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The Dryden Rail Trail is a developing trail that will someday connect with the East Ithaca Recreation Way, forming over 16 miles of continuous walking and biking in Tompkins County. But it's not just pedestrians and cyclists who benefit: horseback riders, cross-country skiiers, bird- and wildlife enthusiasts can enjoy the trail too.
The trail has a combination of stone dust surfacing, as well as dirt/ grass. Future plans include making the trail surface uniform (stone dust) and ADA compliant.
The west segment begins on State Route 13 and heads southwest into Varna, and then passes through the Reynolds Game Farm (owned by the NY Department of Environmental Conservation) to meet the East Ithaca Recreation Way near the Cornell campus.
Presently, two pieces of the trail are open. The east segment runs from a pond near Virgil Creek to the Village of Freeville and then heads southeast to West Main Street in Dryden, where it seamlessly continues east towards Harford along a section of trail know as the Jim Schug Trail.
Jim Schug Section (4.2 miles)
This section of trail is know as known as the Jim Schug Trail in memory of the late town supervisor who acquired the land. The trail follows a remarkably level Lehigh Valley Railroad corridor; the railroad constructed the bed by creating cuts and using the removed earth and rock to fill in low spots. The resulting trail is level, while the surrounding landscape dips and rises, leaving you on an elevated berm or passing through cuts where ground level is above your head.
There are numerous road crossings—many with small parking areas—that provide easy trail access. From the village of Dryden, the trail runs south and east; it also links with the Finger Lakes Trail, a footpath for hikers.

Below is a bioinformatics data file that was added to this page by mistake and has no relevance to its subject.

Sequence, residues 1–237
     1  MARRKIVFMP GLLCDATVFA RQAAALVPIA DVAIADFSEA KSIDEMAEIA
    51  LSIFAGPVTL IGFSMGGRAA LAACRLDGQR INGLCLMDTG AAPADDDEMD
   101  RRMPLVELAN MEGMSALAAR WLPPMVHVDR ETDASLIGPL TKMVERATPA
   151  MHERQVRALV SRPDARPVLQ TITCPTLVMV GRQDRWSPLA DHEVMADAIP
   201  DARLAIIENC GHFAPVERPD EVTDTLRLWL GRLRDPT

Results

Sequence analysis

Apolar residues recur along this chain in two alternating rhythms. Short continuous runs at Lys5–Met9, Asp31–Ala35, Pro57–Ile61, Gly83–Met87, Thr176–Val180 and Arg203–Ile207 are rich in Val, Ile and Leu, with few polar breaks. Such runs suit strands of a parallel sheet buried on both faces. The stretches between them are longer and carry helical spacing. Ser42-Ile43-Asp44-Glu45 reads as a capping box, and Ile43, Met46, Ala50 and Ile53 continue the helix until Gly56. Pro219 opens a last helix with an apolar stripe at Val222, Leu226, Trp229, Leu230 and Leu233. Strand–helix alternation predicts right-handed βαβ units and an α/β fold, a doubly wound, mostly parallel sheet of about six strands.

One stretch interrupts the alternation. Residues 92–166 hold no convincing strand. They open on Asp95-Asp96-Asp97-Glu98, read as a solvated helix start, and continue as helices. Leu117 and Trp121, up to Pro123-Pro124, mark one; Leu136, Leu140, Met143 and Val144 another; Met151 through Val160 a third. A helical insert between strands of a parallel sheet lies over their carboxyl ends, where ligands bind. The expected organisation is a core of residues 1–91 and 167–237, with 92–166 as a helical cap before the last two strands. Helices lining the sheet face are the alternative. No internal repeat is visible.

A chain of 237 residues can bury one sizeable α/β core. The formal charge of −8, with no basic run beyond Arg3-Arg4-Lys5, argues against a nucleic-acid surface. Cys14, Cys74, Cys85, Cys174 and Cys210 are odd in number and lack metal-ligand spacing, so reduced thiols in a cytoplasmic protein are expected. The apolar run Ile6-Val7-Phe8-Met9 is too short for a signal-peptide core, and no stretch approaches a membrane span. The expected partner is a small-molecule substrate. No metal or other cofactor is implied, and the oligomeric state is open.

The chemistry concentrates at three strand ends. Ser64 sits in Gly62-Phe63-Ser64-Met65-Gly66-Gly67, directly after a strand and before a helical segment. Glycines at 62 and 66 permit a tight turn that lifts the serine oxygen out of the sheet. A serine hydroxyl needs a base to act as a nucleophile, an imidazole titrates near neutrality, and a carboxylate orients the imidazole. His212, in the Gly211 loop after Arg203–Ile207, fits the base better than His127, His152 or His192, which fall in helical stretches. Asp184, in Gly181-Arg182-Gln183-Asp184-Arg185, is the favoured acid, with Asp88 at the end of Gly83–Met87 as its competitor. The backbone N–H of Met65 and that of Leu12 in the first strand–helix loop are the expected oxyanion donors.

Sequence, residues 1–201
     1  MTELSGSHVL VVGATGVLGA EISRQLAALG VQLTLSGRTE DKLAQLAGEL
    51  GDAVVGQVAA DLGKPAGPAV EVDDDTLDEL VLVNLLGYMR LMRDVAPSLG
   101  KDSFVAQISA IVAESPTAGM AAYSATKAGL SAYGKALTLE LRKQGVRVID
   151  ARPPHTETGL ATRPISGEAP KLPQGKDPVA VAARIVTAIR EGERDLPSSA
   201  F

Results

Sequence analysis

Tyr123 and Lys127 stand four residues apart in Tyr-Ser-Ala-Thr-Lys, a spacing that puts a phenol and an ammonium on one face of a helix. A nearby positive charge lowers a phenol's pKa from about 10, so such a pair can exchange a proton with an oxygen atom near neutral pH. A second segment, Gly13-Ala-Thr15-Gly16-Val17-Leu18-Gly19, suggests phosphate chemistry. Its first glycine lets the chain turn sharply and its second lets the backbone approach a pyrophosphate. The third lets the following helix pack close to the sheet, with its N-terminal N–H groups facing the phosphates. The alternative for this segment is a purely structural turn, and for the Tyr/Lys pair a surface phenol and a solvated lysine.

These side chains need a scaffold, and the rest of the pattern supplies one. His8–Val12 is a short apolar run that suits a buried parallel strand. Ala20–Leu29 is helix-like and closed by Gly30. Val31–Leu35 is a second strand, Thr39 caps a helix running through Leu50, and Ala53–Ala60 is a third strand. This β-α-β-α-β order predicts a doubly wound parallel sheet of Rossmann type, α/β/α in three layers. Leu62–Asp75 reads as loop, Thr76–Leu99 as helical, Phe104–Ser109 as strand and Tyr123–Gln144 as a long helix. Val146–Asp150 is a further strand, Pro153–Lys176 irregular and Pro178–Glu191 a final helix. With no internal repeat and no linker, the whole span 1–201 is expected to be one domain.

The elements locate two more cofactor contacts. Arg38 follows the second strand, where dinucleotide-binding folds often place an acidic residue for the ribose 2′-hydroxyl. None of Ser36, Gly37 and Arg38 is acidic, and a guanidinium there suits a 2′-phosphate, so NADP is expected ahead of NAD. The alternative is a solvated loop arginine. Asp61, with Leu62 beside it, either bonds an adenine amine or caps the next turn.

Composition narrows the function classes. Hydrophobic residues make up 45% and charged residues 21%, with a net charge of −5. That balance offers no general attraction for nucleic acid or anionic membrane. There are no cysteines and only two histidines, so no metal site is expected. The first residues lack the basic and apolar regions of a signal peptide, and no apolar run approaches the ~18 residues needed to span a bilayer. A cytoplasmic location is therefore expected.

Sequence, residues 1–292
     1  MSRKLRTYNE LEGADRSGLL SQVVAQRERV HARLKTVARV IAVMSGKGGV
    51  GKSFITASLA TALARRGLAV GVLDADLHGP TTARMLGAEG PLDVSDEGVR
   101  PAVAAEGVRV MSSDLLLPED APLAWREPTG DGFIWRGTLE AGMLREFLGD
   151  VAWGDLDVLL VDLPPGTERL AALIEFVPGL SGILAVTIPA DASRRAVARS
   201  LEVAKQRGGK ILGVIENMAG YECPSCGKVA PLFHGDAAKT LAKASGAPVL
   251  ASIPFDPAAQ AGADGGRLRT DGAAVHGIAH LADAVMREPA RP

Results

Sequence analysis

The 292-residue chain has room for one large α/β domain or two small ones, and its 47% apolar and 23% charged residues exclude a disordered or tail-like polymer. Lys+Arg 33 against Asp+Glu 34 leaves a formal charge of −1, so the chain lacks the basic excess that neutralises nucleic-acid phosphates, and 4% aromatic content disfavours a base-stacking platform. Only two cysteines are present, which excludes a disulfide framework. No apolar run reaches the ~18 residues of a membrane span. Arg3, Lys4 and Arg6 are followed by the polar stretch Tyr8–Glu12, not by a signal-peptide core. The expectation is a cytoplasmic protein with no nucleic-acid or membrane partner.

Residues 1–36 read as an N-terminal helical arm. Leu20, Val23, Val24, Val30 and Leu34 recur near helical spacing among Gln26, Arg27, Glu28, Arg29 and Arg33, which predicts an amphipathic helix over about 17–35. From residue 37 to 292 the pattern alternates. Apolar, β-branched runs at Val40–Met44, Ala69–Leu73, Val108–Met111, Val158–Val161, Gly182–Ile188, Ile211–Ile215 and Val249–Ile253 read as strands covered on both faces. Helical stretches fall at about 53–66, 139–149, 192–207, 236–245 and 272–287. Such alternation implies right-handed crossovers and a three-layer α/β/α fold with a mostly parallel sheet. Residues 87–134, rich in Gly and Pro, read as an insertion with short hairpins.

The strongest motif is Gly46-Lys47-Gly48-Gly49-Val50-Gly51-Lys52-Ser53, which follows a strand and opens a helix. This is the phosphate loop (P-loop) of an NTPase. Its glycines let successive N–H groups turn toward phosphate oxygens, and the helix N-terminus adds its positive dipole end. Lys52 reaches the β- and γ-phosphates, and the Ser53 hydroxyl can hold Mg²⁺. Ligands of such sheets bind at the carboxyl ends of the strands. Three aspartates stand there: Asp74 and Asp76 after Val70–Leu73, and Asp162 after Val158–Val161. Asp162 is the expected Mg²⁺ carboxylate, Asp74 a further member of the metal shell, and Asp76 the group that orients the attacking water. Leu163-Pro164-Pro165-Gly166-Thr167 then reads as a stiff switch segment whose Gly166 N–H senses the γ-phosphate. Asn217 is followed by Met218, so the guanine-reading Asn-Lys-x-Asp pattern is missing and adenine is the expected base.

Benches mark your distance every 0.5 mile, and accompanying informational signs reveal historical and natural features along the trail.
When the trail crosses State Route 38, the landscape becomes more rural. Farm fields and silos, woods and wetlands lie ahead. Don't hurry through the next mile but rather sit and listen to the sounds of the wetlands. In the evening, especially in spring, the sounds of frogs surround you.
The area around Dryden Lake and along the trail is said to have some of the best birding in the Finger Lakes region. Dryden Lake Park surrounds the lake and has picnic tables, a pavilion and fishing access, including a handicapped-accessible platform. All seasons see activity on the lake: Birders flock to the area for waterfowl in the spring and fall. In the winter, the lake is a popular spot for ice fishing.
Adding to the bucolic appeal is an array of cultivated, alien and native plant species. From spring through autumn wildflowers bloom along the trail, and the woods show spectacular fall color. The ever-changing natural palette warrants return visits to this trail throughout the years
Parking can be found at Monkey Run Natural Area in Varna, at the Freeville Pavillion (287 George Rd), near the Station Creamery in Dryden (62 W Main St), where the trail crosses Keith Ln. and at 307 Willow Crossing Rd.
See TrailLink Map for detailed parking directions and all options.
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